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Benefits of Religion on Society and the Individual: Assessing the Functionalist View

By Caitlinmoran Apr 23, 2015 1590 Words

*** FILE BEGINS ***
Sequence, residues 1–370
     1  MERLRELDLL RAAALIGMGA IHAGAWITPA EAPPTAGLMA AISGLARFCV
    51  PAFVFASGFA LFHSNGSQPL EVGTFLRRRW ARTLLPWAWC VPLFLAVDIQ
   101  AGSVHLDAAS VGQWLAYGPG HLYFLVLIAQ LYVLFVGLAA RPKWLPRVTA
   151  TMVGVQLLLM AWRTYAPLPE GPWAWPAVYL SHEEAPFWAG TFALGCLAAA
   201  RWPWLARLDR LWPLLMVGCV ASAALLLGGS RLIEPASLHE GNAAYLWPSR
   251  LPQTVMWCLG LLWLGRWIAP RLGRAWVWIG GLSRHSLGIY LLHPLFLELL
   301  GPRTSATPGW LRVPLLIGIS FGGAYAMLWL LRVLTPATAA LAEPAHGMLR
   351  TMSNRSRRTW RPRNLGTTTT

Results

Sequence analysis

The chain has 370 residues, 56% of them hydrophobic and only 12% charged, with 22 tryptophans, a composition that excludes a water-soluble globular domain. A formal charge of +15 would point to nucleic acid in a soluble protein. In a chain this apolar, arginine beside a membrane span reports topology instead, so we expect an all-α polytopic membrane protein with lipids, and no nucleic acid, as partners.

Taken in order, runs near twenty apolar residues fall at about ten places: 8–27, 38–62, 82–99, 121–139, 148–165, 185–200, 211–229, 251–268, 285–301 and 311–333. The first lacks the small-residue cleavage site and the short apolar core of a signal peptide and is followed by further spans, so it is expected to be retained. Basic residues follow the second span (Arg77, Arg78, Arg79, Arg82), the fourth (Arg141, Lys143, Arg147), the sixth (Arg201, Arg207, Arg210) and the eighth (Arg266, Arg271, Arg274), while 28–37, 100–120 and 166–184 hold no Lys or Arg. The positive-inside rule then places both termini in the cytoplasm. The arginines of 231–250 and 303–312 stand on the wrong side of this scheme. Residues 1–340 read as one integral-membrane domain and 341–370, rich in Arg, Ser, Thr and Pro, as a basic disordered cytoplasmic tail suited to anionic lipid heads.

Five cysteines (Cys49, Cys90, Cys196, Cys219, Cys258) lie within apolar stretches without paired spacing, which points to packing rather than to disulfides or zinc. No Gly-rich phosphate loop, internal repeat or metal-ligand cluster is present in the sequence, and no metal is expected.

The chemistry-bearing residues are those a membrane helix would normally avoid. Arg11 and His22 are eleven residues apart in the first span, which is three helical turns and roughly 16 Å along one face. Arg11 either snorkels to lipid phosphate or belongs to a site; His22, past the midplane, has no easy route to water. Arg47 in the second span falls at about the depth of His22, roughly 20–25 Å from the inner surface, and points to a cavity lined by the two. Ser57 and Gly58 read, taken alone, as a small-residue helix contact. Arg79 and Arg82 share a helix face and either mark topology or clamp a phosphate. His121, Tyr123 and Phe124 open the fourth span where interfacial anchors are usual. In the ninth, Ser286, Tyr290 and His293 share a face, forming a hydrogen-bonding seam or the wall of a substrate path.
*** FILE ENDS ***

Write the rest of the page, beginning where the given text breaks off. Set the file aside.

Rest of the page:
Assess the functionalist view that religion benefits both society as a whole and its individuals (33 marks) For functionalists, society is a system of interrelated parts known as institutions, such as religion, the family and the economy. Each institution performs certain functions- each contributes to maintaining the social system by meeting a need. Society’s most basic need is the need for social order and solidarity so that its members can cooperate. For functionalists, what makes order possible is the existence of the value consensus. Without this, individuals would pursue their own selfish desires and society would disintegrate. For functionalists, religion is a mechanism used to create social order and maintain the value consensus thus making society run smoothly. For functionalists such as Emile Durkheim, religious institutions play a central part in creating and maintaining value consensus, order and social solidarity. For Durkheim the key feature of religion was not a belief in gods, spirits or the supernatural. But a distinction between the sacred and the profane found in all religions. The sacred are things set apart and forbidden that inspire feelings of awe, fear and wonder, and are surrounded by taboos and prohibitions, Durkheim suggests the fact that sacred things evoke such powerful feelings in believers is because they represent something powerful, in his view this thing can only be society itself. When they worship the sacred symbols, therefore people are worshipping society itself. For Durkheim, although sacred symbols vary across all religions, they all perform the function of uniting believers into a single moral community. By contrast, the profane are things that have no special significance- things that are ordinary and mundane. Furthermore, a religion is never simply a set of beliefs. It also involves definite rituals in relation to the sacred, and these rituals are collective. Durkheim believed that the essence of all religion could be found by studying its simplest form, in a simple society – clan society. Therefore he studied the Aboriginal tribe system. This clan system consist of bands of kin who come together to perform rituals involving worship of a sacred totem. The totem is the clan’s emblem, such as an animal or plant that symbolises the clan’s origins and identity; the totemic rituals reinforce the group’s solidarity and sense of belonging. For Durkheim, when clan members worship the totemic animal, they are really worshipping society – even though they are not aware of it. The totem inspires feelings of awe in the clan’s members precisely because its represents the power of the group on which the individual is utterly dependent. Critics have argued that Durkheim studied only a small number of Aboriginal groups, which were somewhat untypical of other tribes. It may therefore be misleading to generalise about Aboriginal beliefs from this sample, and also generalising about religion as a whole. Durkheim believed that social life was impossible without the shared values and moral beliefs that form the collective conscience. Without this there would be no social order, social control or social solidarity. Religion reinforces the collective conscience; the worship of society strengthens the values and moral beliefs that form the basis of social life. By defining them as sacred, religion provides them with greater power to direct action. For Durkheim, regular shared religious rituals reinforce the collective conscience and maintain social integration. Participating in shared rituals binds individuals together, reminding them that they are part of a single moral community. Such rituals also remind the individual of the power of society. In this sense religion also performs an important function for the individual; by making us feel part of something greater than ourselves religion reinvigorates and strengthens us to face life’s trials. Critics have argued that Durkheim may have also overstated the degree to which the collective conscience shapes the behaviour of individuals. Hamilton argues that sometimes religious beliefs can be at odds with societal values, and as Marxists believe religion can sometimes be a force for change and a cause of conflict and divisions. Malinowski agrees with Durkheim that religion promotes solidarity. However, in his view, it does so by performing psychological functions for individuals, helping them cope with emotional stress that would undermine social solidarity. Malinowski defines two types of situation in which religion would perform this role. The first being ‘where the outcome is important but is uncontrollable and thus uncertain’, he used his study of the Trobiad Islanders of Western Pacific to describe this. Lagoon fishing is safe and predictable and therefore when the islander’s fish on the lagoon there is no ritual. However, ocean fishing is dangerous and uncertain, and therefore rituals are used to ensure a safe and successful expedition. This gives people a sense of control, which eases tension and reinforces group solidarity. The second time religion would help to come with emotional stress is ‘at times of life crises’ this includes events such as birth, puberty, marriage and death. Religion helps minimise disruption, for example the funeral rituals reinforce a feeling of solidarity among the survivors, and comfort for those who have lost a friend or family member that they will be ‘in a better place’. However, Malinowski’s points can be criticised as he uses puberty or birth as ‘life crises’ which may not be the case. In fact the birth of a new baby can help to bring people together rather than disrupt social relationships and destroy social solidarity. Robert Bellah is interested in how society is unified by religion, especially a multi-faith society like America. What unifies American society is an overarching civil religion – a belief system that attaches sacred qualities to society itself. In the American case, civil religion is a faith in Americanism. Bellah argues that civil religion integrates society in a way that individual religions cannot. While none of the many individual churches can claim the loyalty of all Americans, civil religion can. American civil religion involves loyalty to the nation-state and a belief in God, both of which are tied with being a ‘true’ American. It is expressed in various rituals, symbols and beliefs; such as the pledge of allegiance, and the national anthem. There is no specific God in Americanism, but rather an ‘American’ God. It sacralises the American way of life and binds together Americans from many different religious and ethnic backgrounds. According to Gerald Parsons, ‘the most widespread and visible expression of British civil religion’ is probably the events and ceremonies which annually surround Remembrance Sunday – which in contemporary society is still relevant and still celebrated heavily. With this year being the 100th Anniversary the events have been widespread across the country. Millions wear red or white poppies and observe a short period of silence at 11am. Taken together, such rituals and symbols function ‘as a means of transcending divisions and unifying what might otherwise be a deeply divided national community’. Clearly, in the UK, the monarchy has provided a focus for sentiments of what may be called a civil religion, more recently the Royal Wedding was a huge event across the country, where most people had a day off work or school and celebrated with street parties. James Beckford recognises that there are occasions when the nation is drawn together by rituals and observances such as the funeral of Princess Diana in 1997 and the Queens Golden Jubilee. However, although civil religion in America is a belief in God, Bellah argues that this doesn’t have to be the case. Some other belief system could perform the same functions. For example, Nazi Germany and the Soviet Union had non-religious political beliefs and rituals around which they sought to unite society. Also, the idea of functional alternatives ignores what makes religion distinctive and different- its belief in the supernatural. Despite showing the ways in which religion can be used to unite a society and help to maintain value consensus and social solidarity, Functionalism neglects negative aspects such as religion as a source of oppression. This is what Marx argues who see societies as divided into two classes, one of which exploits the labour of the other; religion is this sense is used as a tool to oppress the lower class and make them believe that society is fair and just, and the oppression is inevitable. For Marx, ideology is a belief system that distorts people’s perception of reality in ways that serve the interests of the ruling class. He argues that the class that controls economic production also controls the production and distribution of the ideas in society, through institutions such as the church, the education system and the media. Feminists would also criticise the Functionalist perspective of religion, as they believe religion is patriarchal, and is used to oppress women. This can be seen in the sacred texts, and the fact that women tend to be seen as ‘dirty’ when menstruating in certain religions, and also aren’t allowed to touch sacred books, and thus instead of reinforcing social solidarity, religion in fact creates a divide between two groups, the bourgeoisie and the proletariat in Marx view, and men and women in the Feminist view. Functionalism also ignores religion as a source of division and conflict, especially in today’s complex modern societies where there is more than one religion – e.g. Northern Ireland. Where there is religious pluralism, it is hard to see how it can unite people and promote integration. Also, Postmodernists argue that Durkheim’s ideas cannot be applied to contemporary society, because increasing diversity has fragmented the collective conscience, so there is no longer a single shared system of values for religion to reinforce.